Gallery 3 presents Discreet Violence: Architecture and the French War in Algeria, an exhibition by Samia Henni. During the Algerian Revolution (1954–1962), the French civil and military authorities profoundly reorganized Algeria’s urban and rural territory, drastically transformed its built environments, rapidly implanted new infrastructure, and strategically built new settlements in order to keep Algeria under French colonial rule and protect France’s interests in Algeria.
During the Algerian Revolution (1954–1962), or the Algerian War of Independence, the French civil and military authorities profoundly reorganized Algeria’s urban and rural territory, drastically transformed its built environments, rapidly implanted new infrastructure, and strategically built new settlements in order to protect France’s economic interests in Algeria and keep Algeria under French colonial rule—which began in 1830.
The exhibition features only one aspect of these territorial transformations: the construction of militarily controlled camps dubbed the centres de regroupement (regrouping centers) in Algeria’s rural areas. These spaces resulted from the creation of the forbidden zones—free fire zones—and engendered massive forced relocations of the Algerian population. Special military units called the Sections administratives spécialisées (Specialized Administrative Sections) supervised the evacuation of the forbidden zones, the regrouping of the Algerian population, the construction of temporary and permanent camps, the conversion of a number of permanent camps to villages, and monitored the daily life of Algerian civilians. The aim of this regrouping was to isolate the Algerian population from the influence of national liberation fighters and to impede potential psychological and material supports.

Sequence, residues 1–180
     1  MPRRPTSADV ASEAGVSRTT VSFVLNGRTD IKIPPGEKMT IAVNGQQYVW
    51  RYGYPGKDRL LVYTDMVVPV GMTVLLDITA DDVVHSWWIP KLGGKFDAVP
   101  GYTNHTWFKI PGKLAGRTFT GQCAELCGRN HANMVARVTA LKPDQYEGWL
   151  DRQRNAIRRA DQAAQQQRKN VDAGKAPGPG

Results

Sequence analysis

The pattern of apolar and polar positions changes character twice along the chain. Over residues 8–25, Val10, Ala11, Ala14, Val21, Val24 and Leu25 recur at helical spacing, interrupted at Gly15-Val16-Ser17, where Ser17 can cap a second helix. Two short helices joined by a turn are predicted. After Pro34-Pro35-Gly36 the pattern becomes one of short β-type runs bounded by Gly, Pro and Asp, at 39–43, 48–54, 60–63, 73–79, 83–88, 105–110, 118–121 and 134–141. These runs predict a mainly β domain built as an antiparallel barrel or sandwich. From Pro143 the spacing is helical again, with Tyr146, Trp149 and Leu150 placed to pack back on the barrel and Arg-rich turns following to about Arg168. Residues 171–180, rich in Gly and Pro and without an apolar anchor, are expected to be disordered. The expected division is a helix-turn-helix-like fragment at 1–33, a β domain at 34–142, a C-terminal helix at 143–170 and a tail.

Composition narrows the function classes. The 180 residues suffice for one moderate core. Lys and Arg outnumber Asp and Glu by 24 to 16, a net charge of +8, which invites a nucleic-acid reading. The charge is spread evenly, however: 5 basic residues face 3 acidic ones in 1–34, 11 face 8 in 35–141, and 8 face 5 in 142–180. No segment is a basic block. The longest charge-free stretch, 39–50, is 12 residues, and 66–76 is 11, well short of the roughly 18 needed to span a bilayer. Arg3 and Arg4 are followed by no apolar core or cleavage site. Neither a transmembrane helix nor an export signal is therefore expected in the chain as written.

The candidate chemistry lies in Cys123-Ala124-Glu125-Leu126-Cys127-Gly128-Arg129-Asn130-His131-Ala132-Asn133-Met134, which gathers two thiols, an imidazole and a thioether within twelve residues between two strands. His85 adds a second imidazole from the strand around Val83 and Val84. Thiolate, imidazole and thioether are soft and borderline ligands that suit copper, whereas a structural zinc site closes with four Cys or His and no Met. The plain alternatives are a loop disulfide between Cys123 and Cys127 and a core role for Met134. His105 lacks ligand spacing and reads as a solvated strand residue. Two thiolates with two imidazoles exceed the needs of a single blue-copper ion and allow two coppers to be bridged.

The exact numbers of camps that were constructed during the war, of persons who were forced to leave their homes, and of devastated villages are still disputed to this day. One estimate for 1960 counted 2,157,000 such forcibly relocated persons. Another evaluation from 1961 considered that at least 2,350,000 people had been concentrated into military controlled settlements, and that an additional 1,175,000 people had been coerced to leave their original homes due to constant and violent military operations, meaning that altogether over 3.5 million people had been forcibly displaced. Another figure for 15 February 1962, just a few weeks before Algeria’s independence, reported that 3,740 camps de regroupement had been built in French Algeria since the outbreak of the Algerian Revolution on 1 November 1954.
Based on French military photographs and films produced by the propaganda teams of the Service cinématographique des armées (SCA), and other sources, the exhibition “Discreet Violence: Architecture and the French War in Algeria” features only certain aspects of the evacuation of the Algerian rural population, the building processes of the camps, and the living conditions in the camps. It disclosures the ways with which the French colonial regime attempted to divert the military purpose of the camps in the aftermath of a medial scandal of 1959. The exhibition unfolds the intrinsic relationships between architecture, military measures, colonial policies, and the planned production and distribution of visual records. Today, the SCA is called the Établissement de communication et de production audiovisuelle de la défense (ECPAD) and is still active in warzones where the French army is involved.
Samia Henni is an architect and an architectural historian and theorist who works at the intersection of architecture, planning, colonial practices, and military operations from the early nineteenth century up to the present. She received her Ph.D. in History and Theory of Architecture from the ETH Zurich (with distinction, ETH Medal). She is the author of Architecture of Counterrevolution: The French Army in Northern Algeria (Zurich: gta Verlag, 2017). She is currently a Lecturer in History and Theory of Architecture at Princeton University’s School of Architecture.
The exhibition is a partial outcome of Samia Henni’s doctoral dissertation defended at the ETH Zurich in 2016 and was awarded the ETH Medal. The exhibition was first presented at the gta Institute, ETH Zurich, from 13 April to 12 June 2017.